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RBI’s FinTech Repository: Which Way is the Wind Blowing?

Industry divided over RBI's FinTech Repository as uncertainty looms over data disclosure.

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On 28 May, the Reserve Bank of India (RBI) announced the development of a FinTech Repository which would provide comprehensive data on FinTech companies (both regulated and unregulated). This will help policymakers in improving their understanding of the sector and develop an appropriate policy framework in this regard.

However, India's FinTech companies are still not very sure about how to interpret the RBI's data repository measure.

The repository will act as a centralised platform for capturing essential information about FinTech entities, their activities, technology uses, etc. Also, it will make data, trends, and analytics available at the sectoral level useful for industry stakeholders.

This initiative, while seemingly benign at first glance, has left the industry divided.

The Pros

Most of the companies have applauded the initiative, arguing that the repository will allow the financial regulator to obtain more comprehensive understanding of the ecosystem, including fundamental data like the exact number of startups and information on the numerous sub-sectors that have mushroomed within the field.

It is important to remember that the FinTech repository was previously brought up in December 2023 as part of the RBI's bimonthly release.  Firms operating beyond traditional FinTech, along with their unconventional lending methods, have posed regulatory challenges for the RBI in formulating policies.

In this context, one can think of the cases with neo-banking FinTechs, Niyo and Zolve.

Since then, the RBI has taken up this issue of bringing these FinTechs within the ambit of the current regulatory framework.

Additionally, FinTech entrepreneurs view being included on the portal as akin to being placed on a whitelist, signifying that their company is open to sharing information with regulators because they have nothing to conceal.

This possibly would give a signal to those firms who were planning to hide beneath the cover.

A few FinTech founders point out that the data repository might improve corporate governance and transparency, mainly because it would incentivise businesses to provide the RBI with updates on a regular basis for internal tracking.

Moreover, it will provide FinTech companies that don't fit the RBI's definition of a “regulated entity” some measure of legality and credibility.

Cons of having a FinTech Data Repository

The FinTech data repository has a lot going for it, but not all businesses in this space are convinced.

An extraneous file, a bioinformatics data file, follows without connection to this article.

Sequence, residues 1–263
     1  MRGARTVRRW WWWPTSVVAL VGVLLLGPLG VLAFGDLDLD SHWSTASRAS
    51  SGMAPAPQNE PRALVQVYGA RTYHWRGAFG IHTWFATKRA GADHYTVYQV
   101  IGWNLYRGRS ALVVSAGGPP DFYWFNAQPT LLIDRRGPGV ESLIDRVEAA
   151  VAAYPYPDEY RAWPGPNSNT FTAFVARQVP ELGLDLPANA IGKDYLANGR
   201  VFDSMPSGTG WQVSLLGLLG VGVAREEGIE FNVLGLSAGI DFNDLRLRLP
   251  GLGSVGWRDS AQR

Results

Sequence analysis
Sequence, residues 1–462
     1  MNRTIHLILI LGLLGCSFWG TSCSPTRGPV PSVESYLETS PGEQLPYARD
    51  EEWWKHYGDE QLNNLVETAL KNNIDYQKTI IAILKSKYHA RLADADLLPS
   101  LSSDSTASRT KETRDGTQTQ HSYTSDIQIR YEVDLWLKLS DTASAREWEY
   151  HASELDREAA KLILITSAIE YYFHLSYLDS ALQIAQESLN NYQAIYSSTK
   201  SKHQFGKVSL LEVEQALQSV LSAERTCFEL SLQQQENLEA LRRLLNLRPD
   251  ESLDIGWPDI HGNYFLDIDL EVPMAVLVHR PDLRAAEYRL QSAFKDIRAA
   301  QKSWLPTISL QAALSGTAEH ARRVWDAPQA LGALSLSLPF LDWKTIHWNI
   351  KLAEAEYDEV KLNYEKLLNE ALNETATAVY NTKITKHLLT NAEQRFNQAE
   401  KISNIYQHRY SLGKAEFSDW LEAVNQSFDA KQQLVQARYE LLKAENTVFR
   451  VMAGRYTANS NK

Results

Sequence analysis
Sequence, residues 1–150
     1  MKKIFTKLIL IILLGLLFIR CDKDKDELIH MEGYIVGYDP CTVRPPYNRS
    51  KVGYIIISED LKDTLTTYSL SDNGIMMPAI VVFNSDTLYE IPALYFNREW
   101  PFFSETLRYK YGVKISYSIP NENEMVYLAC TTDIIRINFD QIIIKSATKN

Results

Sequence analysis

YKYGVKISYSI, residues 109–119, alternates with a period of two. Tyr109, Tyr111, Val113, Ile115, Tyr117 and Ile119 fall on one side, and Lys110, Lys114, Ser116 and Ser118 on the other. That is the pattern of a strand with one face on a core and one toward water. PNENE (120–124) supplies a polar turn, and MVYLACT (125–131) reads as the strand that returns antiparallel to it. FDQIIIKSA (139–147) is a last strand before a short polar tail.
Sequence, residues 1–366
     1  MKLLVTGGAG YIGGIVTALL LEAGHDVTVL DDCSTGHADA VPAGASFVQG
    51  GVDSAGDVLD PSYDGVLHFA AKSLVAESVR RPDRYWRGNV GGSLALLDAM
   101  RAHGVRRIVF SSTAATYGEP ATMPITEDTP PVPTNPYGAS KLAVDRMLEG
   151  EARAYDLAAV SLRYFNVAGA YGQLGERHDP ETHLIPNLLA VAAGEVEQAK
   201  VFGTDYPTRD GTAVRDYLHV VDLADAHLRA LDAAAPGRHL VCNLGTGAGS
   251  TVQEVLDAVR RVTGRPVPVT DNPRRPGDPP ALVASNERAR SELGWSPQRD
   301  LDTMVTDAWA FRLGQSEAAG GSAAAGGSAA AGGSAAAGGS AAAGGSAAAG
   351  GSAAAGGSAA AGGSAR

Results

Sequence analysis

Firstly, there is much uncertainty regarding the precise data that corporations are required to reveal, and the RBI has not provided any clarification on this matter to the firms. Many claim they would be hesitant to divulge information that rivals might use against them.

FinTechs have frequently expressed concern about past policy changes, claiming that too much chopping and changing can come in the way of innovation. In the context of regulation, the Paytm episode shows that Paytm being a leader in innovation probably took risks that went beyond what the regulator would have approved.

So, the debate still goes on as to whether too much regulation is choking innovation.

Lastly, an extra burden stems from the expenses related to conducting internal audits and filing reports to the RBI, especially for the small startups.

The development of such a repository also comes at a time when instances of poor corporate governance are making news, and the RBI has tightened its crackdown on the FinTech sector.

Earlier this year, the RBI ordered an unnamed card network to immediately stop processing all card-based business payments made through payment intermediaries to entities that do not accept card payments.

However, with regard to this Data Repository, once the RBI provides the list of requirements it demands from FinTechs, the scenario will become lot clearer.

(Sovik Mukherjee is an Assistant Professor in Economics, Faculty of Commerce and Management, St. Xavier’s University, Kolkata. This is an opinion piece and the views expressed above are the author’s own. The Quint neither endorses nor is responsible for the same.)

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